This question has kept confronting me in various ways the past few years, but life has had a tendency to interrupt and shift my thoughts to more trivial, short term problems. This week, the question was posed to me again, and I started to really think. I think I have an idea now of how I would want to live if my days were numbered – and I’m lucky enough to live a life that is already part-way there. I would want to spend more time creating tings – paint, write, sculpt, design, draw – and spend time with those people I love who make my days happier. I’d want to read more and learn more and possibly travel. Travel always comes up as a thing that people want to do before it is too late, but when I really thought about it I realized that it isn’t really true for me. I’d love to travel to meet friends, but traveling to see sights and experience other cultures isn’t high on my list. The wonders of literature and modern technology give me the key points and knowledge that previously required extensive travel, the internet lets you see the wonders (albeit a poor version of experiencing them first hand), and in the end: no matter where you go there you are. It’d be nice, yes – but loved ones, art and study take precedence.

But what would you do – how would you live if you were nearing the end of your life? Would you stay at your current job, working the same hours; would you stay with your current partner; would you do the same things in your spare time? What would you want to do more of and what would you want to experience before it is too late? What dreams and longing would you want to fulfill?

Think about it for awhile. What is it that matters most to you and how would that affect the way you live if you knew you were going to lose those things? Have you got an idea?

Now, I’m sorry to be the one to break this to you: you are going to die.

Slowly or quickly, silently or in pain, with a bang or with a whimper – the details are irrelevant. Every breath leaves you one less to your last. It is an inevitable, irrefutable fact. We are all going to die, so why do we put off that which we really want to do other things? Why compromise with the precious years we have left just because we do not know how numerous they are?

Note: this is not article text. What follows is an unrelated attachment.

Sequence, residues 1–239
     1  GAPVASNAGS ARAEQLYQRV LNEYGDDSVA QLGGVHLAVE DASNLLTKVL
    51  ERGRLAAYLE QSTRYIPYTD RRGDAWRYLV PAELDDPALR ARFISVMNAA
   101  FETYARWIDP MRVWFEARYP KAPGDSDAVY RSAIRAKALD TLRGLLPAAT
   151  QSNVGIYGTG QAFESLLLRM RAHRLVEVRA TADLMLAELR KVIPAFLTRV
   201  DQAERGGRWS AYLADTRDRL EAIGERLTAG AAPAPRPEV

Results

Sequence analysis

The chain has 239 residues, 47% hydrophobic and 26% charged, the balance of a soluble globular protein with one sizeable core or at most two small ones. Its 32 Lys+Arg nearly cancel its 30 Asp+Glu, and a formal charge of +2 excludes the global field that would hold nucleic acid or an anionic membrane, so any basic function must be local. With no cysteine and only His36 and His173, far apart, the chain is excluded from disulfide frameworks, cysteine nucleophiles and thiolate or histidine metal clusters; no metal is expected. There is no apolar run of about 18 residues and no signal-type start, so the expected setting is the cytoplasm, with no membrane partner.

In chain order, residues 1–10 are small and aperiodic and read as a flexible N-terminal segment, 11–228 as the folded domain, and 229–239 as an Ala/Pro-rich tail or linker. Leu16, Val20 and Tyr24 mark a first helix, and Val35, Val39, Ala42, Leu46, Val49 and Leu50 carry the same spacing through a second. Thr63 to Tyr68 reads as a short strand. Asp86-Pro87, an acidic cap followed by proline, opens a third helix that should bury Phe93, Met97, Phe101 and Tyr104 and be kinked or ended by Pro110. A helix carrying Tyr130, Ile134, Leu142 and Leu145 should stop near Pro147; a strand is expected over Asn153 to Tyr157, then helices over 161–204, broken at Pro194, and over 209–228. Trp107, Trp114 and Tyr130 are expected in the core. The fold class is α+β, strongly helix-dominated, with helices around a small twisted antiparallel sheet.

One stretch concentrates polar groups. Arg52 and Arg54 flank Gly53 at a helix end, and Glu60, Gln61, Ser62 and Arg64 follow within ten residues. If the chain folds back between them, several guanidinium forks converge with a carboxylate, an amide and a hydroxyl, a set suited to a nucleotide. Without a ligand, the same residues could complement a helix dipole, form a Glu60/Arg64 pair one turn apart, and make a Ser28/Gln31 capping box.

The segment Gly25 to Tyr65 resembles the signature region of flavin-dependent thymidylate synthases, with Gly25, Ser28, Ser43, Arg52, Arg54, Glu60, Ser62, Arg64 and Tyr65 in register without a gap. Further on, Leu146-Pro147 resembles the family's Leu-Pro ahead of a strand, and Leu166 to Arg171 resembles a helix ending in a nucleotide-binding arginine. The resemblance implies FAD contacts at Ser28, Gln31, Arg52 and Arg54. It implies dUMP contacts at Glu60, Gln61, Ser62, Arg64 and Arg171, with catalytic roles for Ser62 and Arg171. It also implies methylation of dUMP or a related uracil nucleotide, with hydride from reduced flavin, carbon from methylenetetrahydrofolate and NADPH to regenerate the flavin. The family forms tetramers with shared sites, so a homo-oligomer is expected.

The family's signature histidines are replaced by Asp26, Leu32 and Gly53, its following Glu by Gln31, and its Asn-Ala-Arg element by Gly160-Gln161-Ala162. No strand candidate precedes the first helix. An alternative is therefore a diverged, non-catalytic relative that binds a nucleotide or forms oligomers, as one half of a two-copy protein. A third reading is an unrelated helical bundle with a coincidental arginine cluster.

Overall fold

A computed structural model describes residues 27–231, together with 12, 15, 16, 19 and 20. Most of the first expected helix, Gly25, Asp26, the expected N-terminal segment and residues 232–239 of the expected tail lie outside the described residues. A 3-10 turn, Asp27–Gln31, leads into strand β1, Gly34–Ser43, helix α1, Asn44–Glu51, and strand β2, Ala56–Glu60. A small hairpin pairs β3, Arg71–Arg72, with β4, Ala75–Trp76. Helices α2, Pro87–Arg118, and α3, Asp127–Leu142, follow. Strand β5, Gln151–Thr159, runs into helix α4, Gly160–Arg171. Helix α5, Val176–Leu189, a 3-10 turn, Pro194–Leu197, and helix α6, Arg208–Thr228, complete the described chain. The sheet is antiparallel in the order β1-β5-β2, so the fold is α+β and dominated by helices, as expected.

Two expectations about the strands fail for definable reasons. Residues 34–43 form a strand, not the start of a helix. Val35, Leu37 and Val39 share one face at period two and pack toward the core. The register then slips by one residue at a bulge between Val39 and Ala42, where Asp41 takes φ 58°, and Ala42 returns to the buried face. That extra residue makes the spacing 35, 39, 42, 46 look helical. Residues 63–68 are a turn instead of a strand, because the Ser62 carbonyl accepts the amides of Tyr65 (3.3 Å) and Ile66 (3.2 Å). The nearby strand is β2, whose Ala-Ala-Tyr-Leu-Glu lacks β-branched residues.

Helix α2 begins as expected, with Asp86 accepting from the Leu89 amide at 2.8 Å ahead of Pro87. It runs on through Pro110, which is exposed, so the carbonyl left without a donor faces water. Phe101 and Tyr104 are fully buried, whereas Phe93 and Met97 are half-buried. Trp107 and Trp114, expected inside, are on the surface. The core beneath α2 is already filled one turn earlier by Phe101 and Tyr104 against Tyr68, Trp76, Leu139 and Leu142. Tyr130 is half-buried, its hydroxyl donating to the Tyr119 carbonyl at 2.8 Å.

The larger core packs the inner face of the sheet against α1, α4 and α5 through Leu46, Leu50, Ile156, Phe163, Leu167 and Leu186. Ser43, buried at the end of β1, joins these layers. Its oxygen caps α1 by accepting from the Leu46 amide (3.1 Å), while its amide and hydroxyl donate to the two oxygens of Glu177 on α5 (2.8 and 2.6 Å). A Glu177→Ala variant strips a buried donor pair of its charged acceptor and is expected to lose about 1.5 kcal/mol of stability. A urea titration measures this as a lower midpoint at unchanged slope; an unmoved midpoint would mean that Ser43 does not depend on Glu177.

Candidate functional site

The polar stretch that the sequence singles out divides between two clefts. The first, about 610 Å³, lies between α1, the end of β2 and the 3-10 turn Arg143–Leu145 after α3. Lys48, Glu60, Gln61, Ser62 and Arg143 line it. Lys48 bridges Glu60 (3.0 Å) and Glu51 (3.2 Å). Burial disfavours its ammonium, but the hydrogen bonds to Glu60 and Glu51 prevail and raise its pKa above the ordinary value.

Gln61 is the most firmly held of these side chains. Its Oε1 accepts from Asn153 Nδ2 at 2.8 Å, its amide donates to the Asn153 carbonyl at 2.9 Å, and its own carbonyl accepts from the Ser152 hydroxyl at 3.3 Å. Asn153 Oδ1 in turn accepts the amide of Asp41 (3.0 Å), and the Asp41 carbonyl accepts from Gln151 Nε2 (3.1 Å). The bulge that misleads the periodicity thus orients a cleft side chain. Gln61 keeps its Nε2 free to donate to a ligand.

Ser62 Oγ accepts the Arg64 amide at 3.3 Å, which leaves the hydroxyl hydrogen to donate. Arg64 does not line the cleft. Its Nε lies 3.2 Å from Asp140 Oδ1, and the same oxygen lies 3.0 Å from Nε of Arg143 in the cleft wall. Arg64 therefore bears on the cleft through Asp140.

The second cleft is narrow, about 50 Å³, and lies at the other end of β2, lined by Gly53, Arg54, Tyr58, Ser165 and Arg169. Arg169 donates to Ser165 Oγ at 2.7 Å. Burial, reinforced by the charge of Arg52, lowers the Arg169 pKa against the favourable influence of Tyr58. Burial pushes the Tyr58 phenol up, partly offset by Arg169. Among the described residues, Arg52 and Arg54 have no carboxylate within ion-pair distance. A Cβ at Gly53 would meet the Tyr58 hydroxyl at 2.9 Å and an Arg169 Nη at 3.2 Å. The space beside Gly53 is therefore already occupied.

Start living like you were dying because – really – you are.


  • Read – Cloud Atlas; David Mitchell
  • Watch – The Fountain; Darren Aronofsky
  • Listen – Pull Me Under; Dream Theater

Thyme and Tyde…

“The key question to keep asking is, are you spending your time on the right things? Because time is all you have. ”
―Randy Pausch


This past week has been busy.

I’ve finished, polished and submitted a new short story – I’m not truly happy with how it turned out, but with a limited time frame for submission and no clear vision of how to change it I had to make a decision: submit as it was, or keep it and rewrite later. It was an easy choice. Since I will never ever be truly happy with anything I do, it was better to send it out and let it try it’s wings now. I can always patch it up later if it crashes (or give it a proper burial, if need be – we will see).

I got a chance to meet one of my favorite writers and other good friends, discussing work and possible collaborations, receiving hints on exciting things to come, sharing stories and just generally catching up. Like always, it was a good day and an inspiring day – I left with a few new seeds germinating in my mind and a signed copy of a new book (perhaps not of the highest literary quality, but one I have been looking forward to regardless to satisfy my inner adventure-seeking child).

Lastly, I have welcomed a dear friend into my home for an as of yet unspecified period of time. Despite sharing a fairly small apartment and having different schedules it has been entirely pleasant. The arrangement has raised a number of eyebrows and furrowed a few brows, but I am confident that this will work quite well. As an added bonus I have received honest, valuable critique on my work and (perhaps paradoxically) more time to write. If nothing else, I’m hoping to come away from this experience with the ability to use my time more efficiently.

This trio of events have all contributed to my next project – telling a story that is very dear to my heart. This short story will likely be the most emotional, cathartic thing I’ve ever written, but I need to get it out. As of today, I have done most of the necessary research and the first group of words have been committed to page. It feels good, but at the same time I’ve been forced to think back on my life and contemplate the man I’ve been and the man I have yet to become.

These thoughts are, of course, not all roses and sunshine: there’s plenty of darkness and thorns in there. Have you ever tried navigating a thicket of thorns in darkness? It’s not entirely pleasant experience, let me tell you. Revisiting some of those moments have made me think about the present and what I can do to better myself. I may have a few regrets about how I have spent my time thus far, but one of the beauties of time is that you can never spend more than you have. Time and tide waits for no man, and so every hour you start on is fresh and unspent; a blank page to be filled.

How are you going to fill the next page you are given?